(c) Commerce.

(d) Development of arithmetic and mensuration.

(e) Communication and record of objects and pictures; phonetic writing and alphabets, &c.

(f) Arts of pleasure (music, dancing, dramatic representation, graphic and plastic arts; games, &c.).

(g) Traditions, customs and ceremonies, mythology, poetry.

(h) Theories as to cause of diseases; their treatment. Practice of artificial deformation.

(i) Magic and sorcery; their connexion with spiritual agencies.

(j) Moral condition, social and political organization. Family ties; rules of peace and war; marriage and descent; family, clan, and tribe divisions; communal and individual property; vengeance and criminal law; development of military, judicial, and administrative authority.

(k) Religions of mankind. Definitions of souls and spiritual beings generally; ideas of future state; treatment of dead; prayer, sacrifice, and other rites of worship. Social and political influence of religion.

(l) Survival of primitive conditions in the culture of the lower races.

Practical Examination.

The subjects for practical examination will comprise:--

Recognition of the more distinctive separate bones of the human skeleton. These should be described and, where necessary, measured; and any features which may appear of importance should be pointed out.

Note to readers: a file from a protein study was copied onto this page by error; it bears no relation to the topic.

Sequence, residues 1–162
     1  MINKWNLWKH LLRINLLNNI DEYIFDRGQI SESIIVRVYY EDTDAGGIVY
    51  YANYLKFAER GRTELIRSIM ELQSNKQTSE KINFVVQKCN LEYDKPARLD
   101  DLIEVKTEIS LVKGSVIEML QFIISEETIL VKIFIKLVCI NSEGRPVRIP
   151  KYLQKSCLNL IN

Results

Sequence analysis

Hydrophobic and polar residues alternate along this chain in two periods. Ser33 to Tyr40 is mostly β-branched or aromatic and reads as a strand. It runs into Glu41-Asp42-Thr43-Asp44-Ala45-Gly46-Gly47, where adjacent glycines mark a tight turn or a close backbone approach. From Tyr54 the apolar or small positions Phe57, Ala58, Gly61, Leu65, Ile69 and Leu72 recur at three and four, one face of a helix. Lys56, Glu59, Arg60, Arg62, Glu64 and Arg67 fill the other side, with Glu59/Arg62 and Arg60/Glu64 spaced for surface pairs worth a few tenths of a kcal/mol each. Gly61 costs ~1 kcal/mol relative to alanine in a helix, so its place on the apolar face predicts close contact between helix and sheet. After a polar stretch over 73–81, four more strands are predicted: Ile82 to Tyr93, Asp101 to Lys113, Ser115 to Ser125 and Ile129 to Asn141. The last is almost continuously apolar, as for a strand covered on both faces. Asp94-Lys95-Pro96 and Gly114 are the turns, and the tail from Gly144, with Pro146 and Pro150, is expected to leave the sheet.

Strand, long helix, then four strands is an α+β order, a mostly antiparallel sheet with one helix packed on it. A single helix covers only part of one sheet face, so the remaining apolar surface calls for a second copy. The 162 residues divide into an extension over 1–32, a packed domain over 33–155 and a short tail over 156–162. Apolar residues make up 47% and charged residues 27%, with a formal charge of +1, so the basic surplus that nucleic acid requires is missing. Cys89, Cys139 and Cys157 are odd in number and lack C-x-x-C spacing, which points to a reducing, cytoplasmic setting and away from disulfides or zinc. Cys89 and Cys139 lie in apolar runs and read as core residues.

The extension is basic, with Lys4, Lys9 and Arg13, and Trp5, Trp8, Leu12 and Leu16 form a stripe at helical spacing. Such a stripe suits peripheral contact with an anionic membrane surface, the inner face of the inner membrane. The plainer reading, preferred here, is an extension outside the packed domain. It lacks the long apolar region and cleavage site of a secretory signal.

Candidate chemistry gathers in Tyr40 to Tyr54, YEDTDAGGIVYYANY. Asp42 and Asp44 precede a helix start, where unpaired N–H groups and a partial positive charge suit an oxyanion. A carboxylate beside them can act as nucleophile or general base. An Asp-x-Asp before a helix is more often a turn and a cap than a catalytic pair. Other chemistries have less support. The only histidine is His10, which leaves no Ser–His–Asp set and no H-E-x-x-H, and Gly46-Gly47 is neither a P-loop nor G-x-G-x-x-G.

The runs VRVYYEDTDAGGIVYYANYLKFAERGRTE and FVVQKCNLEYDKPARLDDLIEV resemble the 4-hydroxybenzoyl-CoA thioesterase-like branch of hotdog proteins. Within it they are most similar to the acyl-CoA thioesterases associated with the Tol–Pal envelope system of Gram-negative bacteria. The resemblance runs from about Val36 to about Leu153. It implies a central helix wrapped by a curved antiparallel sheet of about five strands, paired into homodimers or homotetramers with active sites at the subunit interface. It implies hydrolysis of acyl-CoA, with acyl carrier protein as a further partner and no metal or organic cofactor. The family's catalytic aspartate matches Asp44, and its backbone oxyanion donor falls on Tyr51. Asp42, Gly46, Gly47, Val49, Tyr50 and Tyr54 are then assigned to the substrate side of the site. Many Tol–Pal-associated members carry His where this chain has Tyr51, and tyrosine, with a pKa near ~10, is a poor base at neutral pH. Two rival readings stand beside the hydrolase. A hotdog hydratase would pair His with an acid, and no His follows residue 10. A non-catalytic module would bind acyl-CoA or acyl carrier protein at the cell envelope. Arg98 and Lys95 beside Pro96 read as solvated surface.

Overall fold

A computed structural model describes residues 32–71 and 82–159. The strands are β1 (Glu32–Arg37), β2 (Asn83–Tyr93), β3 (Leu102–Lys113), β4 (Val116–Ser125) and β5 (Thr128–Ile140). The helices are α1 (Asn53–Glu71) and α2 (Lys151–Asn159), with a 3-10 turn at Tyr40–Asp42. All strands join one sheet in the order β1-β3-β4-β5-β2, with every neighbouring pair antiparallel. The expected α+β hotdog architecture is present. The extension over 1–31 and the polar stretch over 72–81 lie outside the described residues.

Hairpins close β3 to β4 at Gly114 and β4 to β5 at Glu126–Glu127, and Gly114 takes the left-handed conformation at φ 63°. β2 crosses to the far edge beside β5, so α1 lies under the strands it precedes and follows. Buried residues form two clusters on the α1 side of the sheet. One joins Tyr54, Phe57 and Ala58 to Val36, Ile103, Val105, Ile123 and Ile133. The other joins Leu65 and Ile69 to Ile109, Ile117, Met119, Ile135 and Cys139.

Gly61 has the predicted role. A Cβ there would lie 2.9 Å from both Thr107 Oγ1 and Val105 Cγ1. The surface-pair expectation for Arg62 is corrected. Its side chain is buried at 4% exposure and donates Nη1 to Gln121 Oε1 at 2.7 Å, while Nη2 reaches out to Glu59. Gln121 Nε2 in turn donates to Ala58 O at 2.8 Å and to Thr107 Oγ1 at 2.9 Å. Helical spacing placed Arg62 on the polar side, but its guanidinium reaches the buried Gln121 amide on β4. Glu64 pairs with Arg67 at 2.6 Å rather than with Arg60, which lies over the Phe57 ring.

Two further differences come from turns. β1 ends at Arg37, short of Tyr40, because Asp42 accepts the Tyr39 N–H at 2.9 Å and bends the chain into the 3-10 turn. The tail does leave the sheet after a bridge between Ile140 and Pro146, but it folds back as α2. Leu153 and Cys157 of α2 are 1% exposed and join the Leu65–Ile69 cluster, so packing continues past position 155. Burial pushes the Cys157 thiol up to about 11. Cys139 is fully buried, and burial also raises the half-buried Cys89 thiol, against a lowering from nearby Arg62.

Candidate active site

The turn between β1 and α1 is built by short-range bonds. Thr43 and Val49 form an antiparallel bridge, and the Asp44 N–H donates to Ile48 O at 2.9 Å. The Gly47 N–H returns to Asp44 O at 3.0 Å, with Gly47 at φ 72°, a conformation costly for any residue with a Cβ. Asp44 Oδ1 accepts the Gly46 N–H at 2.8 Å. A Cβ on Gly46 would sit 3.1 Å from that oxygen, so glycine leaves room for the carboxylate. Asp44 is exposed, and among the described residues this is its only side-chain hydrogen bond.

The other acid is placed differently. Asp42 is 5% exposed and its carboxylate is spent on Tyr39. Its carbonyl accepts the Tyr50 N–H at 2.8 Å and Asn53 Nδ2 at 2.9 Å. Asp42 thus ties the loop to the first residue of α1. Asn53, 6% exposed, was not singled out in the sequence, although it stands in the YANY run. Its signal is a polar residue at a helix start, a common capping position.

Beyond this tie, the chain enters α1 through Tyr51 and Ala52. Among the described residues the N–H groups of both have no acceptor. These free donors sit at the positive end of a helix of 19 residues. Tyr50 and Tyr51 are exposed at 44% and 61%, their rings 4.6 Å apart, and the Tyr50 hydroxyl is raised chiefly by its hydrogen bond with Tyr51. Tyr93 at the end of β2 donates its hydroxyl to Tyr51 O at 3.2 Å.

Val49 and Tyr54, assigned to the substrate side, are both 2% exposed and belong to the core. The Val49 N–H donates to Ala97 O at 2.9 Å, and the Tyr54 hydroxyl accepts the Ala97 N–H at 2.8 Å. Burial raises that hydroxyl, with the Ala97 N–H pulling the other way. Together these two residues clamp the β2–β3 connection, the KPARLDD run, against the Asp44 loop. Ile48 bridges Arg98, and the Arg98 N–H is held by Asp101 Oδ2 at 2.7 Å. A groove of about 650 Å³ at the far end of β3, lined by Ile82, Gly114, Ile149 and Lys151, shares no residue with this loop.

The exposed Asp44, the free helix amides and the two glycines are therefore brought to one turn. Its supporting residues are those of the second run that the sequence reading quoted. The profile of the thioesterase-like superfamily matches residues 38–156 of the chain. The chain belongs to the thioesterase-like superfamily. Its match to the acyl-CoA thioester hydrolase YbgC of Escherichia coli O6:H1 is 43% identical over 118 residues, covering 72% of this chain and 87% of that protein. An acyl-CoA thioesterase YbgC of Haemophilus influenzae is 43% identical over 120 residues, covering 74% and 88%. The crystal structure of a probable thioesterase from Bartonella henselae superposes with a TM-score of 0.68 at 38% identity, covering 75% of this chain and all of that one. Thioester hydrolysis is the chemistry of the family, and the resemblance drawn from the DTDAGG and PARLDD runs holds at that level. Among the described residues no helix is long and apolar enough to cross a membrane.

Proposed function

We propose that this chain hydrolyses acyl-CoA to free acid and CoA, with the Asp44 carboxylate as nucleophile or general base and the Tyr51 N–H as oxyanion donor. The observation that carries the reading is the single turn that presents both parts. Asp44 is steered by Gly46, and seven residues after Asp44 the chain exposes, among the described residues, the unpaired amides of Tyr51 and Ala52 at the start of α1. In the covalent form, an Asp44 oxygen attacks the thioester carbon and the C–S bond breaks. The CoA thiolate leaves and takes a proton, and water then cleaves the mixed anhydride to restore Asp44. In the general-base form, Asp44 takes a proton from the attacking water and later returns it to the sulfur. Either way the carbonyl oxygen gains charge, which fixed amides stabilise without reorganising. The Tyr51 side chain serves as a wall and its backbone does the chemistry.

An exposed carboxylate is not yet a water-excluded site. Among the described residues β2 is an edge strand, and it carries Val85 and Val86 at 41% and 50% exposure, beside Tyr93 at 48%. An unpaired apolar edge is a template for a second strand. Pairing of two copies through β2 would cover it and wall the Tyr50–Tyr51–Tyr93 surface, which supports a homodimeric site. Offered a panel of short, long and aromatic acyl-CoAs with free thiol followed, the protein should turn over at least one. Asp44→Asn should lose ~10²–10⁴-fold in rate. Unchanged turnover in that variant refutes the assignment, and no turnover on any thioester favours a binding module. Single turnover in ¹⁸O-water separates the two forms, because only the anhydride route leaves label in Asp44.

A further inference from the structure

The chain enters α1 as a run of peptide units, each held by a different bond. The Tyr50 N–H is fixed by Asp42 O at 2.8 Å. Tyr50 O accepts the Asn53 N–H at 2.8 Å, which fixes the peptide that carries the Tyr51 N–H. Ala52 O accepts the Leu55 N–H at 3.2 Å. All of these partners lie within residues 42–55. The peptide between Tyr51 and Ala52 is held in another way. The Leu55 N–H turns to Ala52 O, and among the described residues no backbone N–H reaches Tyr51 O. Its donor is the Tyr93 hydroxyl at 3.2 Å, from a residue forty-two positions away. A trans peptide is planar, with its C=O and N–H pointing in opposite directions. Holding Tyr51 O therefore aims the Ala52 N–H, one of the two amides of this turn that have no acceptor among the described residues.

A practical knowledge of the methods of taking the various measurements of the skull. Recognition of typical skulls of well-defined varieties of Man and the Anthropomorpha.

Identification of typical varieties of Man from photographs, with description of their characteristic features. Such description of the living as will include those points which are of importance from an Anthropological standpoint; the accounts should be illustrated where necessary with sketches.

Estimation of the tints of hair and skin colouration, and the recognition of different kinds of hair.

Identification of well-marked portions of the skeletons of the commonest domestic animals, and also of the extinct mammalia contemporaneous with Man.

Identification of typical weapons, implements, articles of dress and ornament, artificial deformation of the person, magic and other appliances, and works of art, &c., of living and extinct races, either from the actual objects or from illustrations. Of such objects Candidates will be expected to write accounts describing the race or races to which they belong, their use, geographical distribution of allied forms, and, when required, their place in the developmental history of the class of objects to which they belong. Indication, upon blank outline maps of the world, of the geographical position of some of the more important races and varieties of mankind and the distribution of the more distinctive arts, customs, appliances, religions, &c.

February 7, 1895

Originally transcribed during the Relational Museum project, transferred to this site 2013.